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Information on Host City and Meeting Highlights
Annual Meeting Returns To APA’s Birthplace
Psychiatric News
Volume 37 Number 4 page 2-69

There's more to Philadelphia than blocks of historic buildings, a cracked but cherished bell, street vendors selling hot pretzels and Italian water ice, and sites associated with a certain monosyllabic boxer who made the steps of the city’s world-renowned art museum famous.

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The Pennsylvania Convention Center will be the headquarters of APA’s 2002 annual meeting in Philadelphia. The convention center was named one of the "Top Major Convention Center Openings and Expansions of the Past Decade" by Expo, the magazine for exposition management. (Photo: Philadelphia Convention and Visitors Bureau)

But wait—if that’s all Philadelphia has to offer, it’s not a bad list, is it?

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The home of seamstress Betsy Ross at 239 Arch Street takes visitors back to 18th-century living in Philadelphia. Ross was believed to have sewn the first American flag. (Photo: Philadelphia Convention and Visitors Bureau)

And while we’re at it, let’s clear up some misconceptions about the city. The man famously noted for insulting Philadelphia was actually one of its own sons, and his son was born there as well. In the end, it was the name of this city that he wanted on his gravestone: "Here lies W.C. Fields. I would rather be living in Philadelphia." (Compare that with what he had to say about San Francisco: "I was married once—in San Francisco. I haven’t seen her for many years. The great earthquake and fire in 1906 destroyed the marriage certificate. There’s no legal proof. Which proves that earthquakes aren’t all bad.")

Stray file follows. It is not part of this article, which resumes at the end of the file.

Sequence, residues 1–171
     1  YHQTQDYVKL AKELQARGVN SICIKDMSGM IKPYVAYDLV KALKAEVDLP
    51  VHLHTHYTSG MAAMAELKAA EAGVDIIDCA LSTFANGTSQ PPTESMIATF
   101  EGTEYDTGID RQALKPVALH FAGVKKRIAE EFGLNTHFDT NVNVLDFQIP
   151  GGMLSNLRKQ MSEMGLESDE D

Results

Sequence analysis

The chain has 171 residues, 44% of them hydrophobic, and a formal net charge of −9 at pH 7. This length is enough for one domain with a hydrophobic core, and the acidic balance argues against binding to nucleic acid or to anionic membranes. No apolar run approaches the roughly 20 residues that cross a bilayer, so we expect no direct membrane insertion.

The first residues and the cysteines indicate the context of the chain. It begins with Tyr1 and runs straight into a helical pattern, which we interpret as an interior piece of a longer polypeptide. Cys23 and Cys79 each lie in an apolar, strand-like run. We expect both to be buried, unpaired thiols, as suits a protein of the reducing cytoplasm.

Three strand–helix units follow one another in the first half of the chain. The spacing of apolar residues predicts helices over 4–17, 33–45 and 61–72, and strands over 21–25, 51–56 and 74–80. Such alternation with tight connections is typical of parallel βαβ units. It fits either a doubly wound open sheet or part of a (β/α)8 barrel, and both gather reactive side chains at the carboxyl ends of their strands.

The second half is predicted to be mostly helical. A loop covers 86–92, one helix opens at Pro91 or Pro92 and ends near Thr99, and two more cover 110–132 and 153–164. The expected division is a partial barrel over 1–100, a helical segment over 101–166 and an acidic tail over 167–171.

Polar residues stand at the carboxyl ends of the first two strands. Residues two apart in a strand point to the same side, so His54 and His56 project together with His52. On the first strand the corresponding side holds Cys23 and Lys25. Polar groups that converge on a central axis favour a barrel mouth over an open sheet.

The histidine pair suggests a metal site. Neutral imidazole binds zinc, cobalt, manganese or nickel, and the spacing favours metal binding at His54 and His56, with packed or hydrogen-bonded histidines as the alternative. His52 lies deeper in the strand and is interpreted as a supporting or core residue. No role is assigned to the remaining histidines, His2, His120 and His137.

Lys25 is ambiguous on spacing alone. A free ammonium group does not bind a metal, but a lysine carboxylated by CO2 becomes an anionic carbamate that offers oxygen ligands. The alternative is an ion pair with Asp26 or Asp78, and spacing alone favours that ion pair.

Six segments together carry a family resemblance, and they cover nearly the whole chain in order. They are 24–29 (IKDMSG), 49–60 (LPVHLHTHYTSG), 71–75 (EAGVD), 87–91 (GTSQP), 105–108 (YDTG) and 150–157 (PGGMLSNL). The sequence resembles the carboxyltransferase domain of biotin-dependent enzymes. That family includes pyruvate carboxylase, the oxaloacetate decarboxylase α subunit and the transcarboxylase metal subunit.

The bottom line is that it’s time to take a new look at one of America’s oldest cities and appreciate again the role it played in not only the birth of the United States but also that of psychiatry—all this while you take advantage of the many scientific sessions that make up the profession’s premier educational meeting.

Yes, this is the year to be in Philadelphia, and this issue of Psychiatric News will fill you on the city’s many historic, cultural, and entertainment attractions while giving you a preview of the meeting’s scientific program.

"This is where APA was founded, and it is a pleasure to return to Philadelphia for the 155th annual meeting," said Philip R. Muskin, M.D., chair of APA’s Scientific Program Committee. "The last time the meeting was held in Philadelphia was in 1994, when APA celebrated its sesquicentennial anniversary. In 1844 the superintendents of 13 insane asylums founded our organization at the Institute of Pennsylvania Hospital [see story on page 13].

Muskin continued, "As Dr. Richard Harding’s theme is ‘The 21st-Century Psychiatrist,’ we will see just how much the profession of psychiatry has changed since then. This meeting will highlight the tremendous scope of psychiatry. However, we cannot ignore the tragic events of the recent past, and there will be numerous sessions that focus on many aspects of the attacks, terrorism, and trauma. Early data indicate this will be a well-attended meeting, so make hotel reservations now and register early."